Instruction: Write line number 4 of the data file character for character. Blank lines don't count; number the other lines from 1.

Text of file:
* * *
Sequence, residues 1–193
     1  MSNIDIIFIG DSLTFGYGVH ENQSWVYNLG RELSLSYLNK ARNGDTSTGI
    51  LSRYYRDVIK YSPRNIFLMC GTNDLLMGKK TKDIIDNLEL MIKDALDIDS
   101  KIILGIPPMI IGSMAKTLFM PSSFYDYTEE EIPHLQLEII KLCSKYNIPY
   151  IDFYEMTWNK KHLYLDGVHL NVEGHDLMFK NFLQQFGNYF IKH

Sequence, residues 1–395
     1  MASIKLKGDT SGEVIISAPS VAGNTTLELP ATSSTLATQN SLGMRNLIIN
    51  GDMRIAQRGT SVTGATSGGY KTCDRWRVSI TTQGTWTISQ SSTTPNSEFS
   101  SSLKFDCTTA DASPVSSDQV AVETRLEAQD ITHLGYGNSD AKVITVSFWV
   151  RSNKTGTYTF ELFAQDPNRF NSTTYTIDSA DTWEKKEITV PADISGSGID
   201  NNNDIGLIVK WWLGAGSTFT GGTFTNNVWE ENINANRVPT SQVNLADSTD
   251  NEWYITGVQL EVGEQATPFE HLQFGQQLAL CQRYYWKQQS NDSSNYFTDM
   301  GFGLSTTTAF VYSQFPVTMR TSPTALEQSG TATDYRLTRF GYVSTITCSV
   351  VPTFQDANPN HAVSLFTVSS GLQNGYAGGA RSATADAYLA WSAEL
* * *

   101  KIILGIPPMI IGSMAKTLFM PSSFYDYTEE EIPHLQLEII KLCSKYNIPY